Mutations

PSEN1 M233T

Overview

Pathogenicity: Alzheimer's Disease : Pathogenic
Clinical Phenotype: Alzheimer's Disease
Genomic Mutation Name (MET1): g.44717T>C
Genomic Mutation Name (NT1): g.61323T>C
dbSNP ID: rs63751024
Coding/Non-Coding: Coding
Genomic Region: Exon 7
Mutation Type: Point, Missense
Codon Change: ATG to ACG
Research Models: 1

Findings

This mutation was first reported in a pedigree known as PERTH1, which had familial early-onset AD. As reported, the family had four affected individuals over three generations. The mutation segregated with disease in this family; it was present in all three living affected family members and absent in three unaffected family members. Affected family members developed symptoms at 33, 34, and 38 years; age at onset was unknown in one individual. AD pathology was confirmed in at least one case at autopsy (Kwok et al., 1997).

M233T was also found in two French kindreds, the first with five affected individuals over three generations. Age of onset in this family ranged from 38-45 years and segregation with disease was confirmed (Campion et al., 1999). A second French kindred, known as ALZ 202, consisted of three affected individuals who met NINCDS-ADRDA criteria for probable or definite AD. Age at onset in this family was 38-40 years. Segregation with disease could not be assessed (Raux et al., 2005).

This mutation has also been found in a Korean individual with early-onset AD. The patient did not have a family history of dementia. She experienced symptom onset at age 34. Her disease progressed rapidly; at age 36 she scored 20/30 on the Korean Mini-Mental State Examination; two years later she scored 4/30. Symptoms included memory and visuospatial impairments, apraxia, aphasia, and optic ataxia. PET showed diffuse cerebral hypometabolism (Park et al., 2008).

The M233T mutation was found in a Caucasian man of Spanish or Portuguese ancestry. He first presented with clinical symptoms at age 35 and died at the age of 42. Presenting symptoms were atypical for AD, including prominent behavioural symptoms (depression/apathy and aggressiveness) and extrapyramidal signs such as dysarthria, left hand apraxia, face and foot dystonia and pyramidal signs (Babinski). He later developed myoclonus and tonic-clonic seizures. Neuroimaging studies revealed hippocampal and bilateral parietotemporal atrophy. The family history was unclear (Guerreiro et al., 2010).

Neuropathology

Neuropathology consistent with AD in at least one case (Kwok et al., 1997).

Biological Effect

This residue is conserved between PSEN1 and PSEN2 (see PSEN2 M239). Pathogenic mutations have been reported in the homologous PSEN2 residue (M239I and M239V).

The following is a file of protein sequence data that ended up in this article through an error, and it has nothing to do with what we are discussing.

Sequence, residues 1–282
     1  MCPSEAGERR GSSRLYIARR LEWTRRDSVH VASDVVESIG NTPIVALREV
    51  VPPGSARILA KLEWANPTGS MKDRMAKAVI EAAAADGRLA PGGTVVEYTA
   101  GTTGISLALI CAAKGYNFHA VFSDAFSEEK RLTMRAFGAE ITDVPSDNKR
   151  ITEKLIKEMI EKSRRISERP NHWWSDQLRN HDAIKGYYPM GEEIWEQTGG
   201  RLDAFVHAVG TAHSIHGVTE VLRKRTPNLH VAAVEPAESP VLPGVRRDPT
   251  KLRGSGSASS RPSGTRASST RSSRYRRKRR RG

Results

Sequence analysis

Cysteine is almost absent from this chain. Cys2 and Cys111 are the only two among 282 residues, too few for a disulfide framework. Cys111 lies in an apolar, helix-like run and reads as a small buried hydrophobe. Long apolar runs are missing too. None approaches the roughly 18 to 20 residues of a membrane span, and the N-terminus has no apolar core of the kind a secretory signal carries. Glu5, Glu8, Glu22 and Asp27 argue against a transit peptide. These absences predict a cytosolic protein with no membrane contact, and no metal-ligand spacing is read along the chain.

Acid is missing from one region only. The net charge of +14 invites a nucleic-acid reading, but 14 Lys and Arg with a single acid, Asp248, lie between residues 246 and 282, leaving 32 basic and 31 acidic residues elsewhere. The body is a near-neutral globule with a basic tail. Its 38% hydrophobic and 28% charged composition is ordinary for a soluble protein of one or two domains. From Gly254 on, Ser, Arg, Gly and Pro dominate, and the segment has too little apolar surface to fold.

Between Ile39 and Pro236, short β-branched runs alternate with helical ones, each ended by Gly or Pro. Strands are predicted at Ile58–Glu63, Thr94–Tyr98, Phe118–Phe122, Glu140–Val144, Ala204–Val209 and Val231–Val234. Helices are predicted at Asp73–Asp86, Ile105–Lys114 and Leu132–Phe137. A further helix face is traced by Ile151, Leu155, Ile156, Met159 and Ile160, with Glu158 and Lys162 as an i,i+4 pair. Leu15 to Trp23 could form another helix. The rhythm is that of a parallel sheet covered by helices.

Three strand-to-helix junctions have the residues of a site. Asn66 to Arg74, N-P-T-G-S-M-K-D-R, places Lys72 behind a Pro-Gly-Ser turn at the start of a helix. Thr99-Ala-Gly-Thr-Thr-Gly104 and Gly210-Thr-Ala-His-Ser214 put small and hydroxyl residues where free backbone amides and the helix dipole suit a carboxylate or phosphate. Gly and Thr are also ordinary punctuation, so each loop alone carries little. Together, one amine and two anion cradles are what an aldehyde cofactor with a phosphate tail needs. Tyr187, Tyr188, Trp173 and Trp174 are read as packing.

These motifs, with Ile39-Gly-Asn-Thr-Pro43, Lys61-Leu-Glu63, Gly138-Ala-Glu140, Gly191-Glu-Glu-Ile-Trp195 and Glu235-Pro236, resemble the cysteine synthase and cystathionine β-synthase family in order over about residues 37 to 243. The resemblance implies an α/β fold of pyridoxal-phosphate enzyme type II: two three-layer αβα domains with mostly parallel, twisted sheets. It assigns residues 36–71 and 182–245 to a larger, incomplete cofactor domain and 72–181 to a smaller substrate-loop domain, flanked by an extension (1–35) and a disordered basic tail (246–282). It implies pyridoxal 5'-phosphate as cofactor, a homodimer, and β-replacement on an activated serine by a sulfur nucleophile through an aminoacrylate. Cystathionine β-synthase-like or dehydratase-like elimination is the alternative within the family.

In vitro, CHO cells coexpressing APP and mutant PSEN1 have increased Aβ42 (Qi et al., 2003). They also have increased Aβ48, Aβ39 whereas levels of Aβ40, Aβ43, and Aβ46 are decreased (Qi-Takahara et al., 2005). Increased Aβ42 and decreased Aβ40 were also detected in the cell membrane fraction of CHO cells coexpressing APP and mutant PSEN1 (Sato et al., 2003).

Research Models

This mutation has been introduced into mouse models of disease including the APP751SL/PS1 KI double mutant, which also expresses APP with the London (V717I) and Swedish (K670N/M671L) mutations.

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References

Research Models Citations

  1. APP751SL/PS1 KI

Mutation Position Table Citations

  1. PSEN2 M239 Mutations

Mutations Citations

  1. PSEN2 M239I
  2. PSEN2 M239V

Paper Citations

  1. . Two novel (M233T and R278T) presenilin-1 mutations in early-onset Alzheimer's disease pedigrees and preliminary evidence for association of presenilin-1 mutations with a novel phenotype. Neuroreport. 1997 Apr 14;8(6):1537-42. PubMed.
  2. . Early-onset autosomal dominant Alzheimer disease: prevalence, genetic heterogeneity, and mutation spectrum. Am J Hum Genet. 1999 Sep;65(3):664-70. PubMed.
  3. . Molecular diagnosis of autosomal dominant early onset Alzheimer's disease: an update. J Med Genet. 2005 Oct;42(10):793-5. Epub 2005 Jul 20 PubMed.
  4. . Identification of PSEN1 and APP gene mutations in Korean patients with early-onset Alzheimer's disease. J Korean Med Sci. 2008 Apr;23(2):213-7. PubMed.
  5. . Genetic screening of Alzheimer's disease genes in Iberian and African samples yields novel mutations in presenilins and APP. Neurobiol Aging. 2010 May;31(5):725-31. Epub 2008 Jul 30 PubMed.
  6. . Distinct mechanisms by mutant presenilin 1 and 2 leading to increased intracellular levels of amyloid beta-protein 42 in Chinese hamster ovary cells. Biochemistry. 2003 Feb 4;42(4):1042-52. PubMed.
  7. . Longer forms of amyloid beta protein: implications for the mechanism of intramembrane cleavage by gamma-secretase. J Neurosci. 2005 Jan 12;25(2):436-45. PubMed.
  8. . Potential link between amyloid beta-protein 42 and C-terminal fragment gamma 49-99 of beta-amyloid precursor protein. J Biol Chem. 2003 Jul 4;278(27):24294-301. PubMed.

Further Reading

Learn More

Alzheimer Disease & Frontotemporal Dementia Mutation Database

Primary Papers

  1. . Two novel (M233T and R278T) presenilin-1 mutations in early-onset Alzheimer's disease pedigrees and preliminary evidence for association of presenilin-1 mutations with a novel phenotype. Neuroreport. 1997 Apr 14;8(6):1537-42. PubMed.

Other mutations at this position

View Table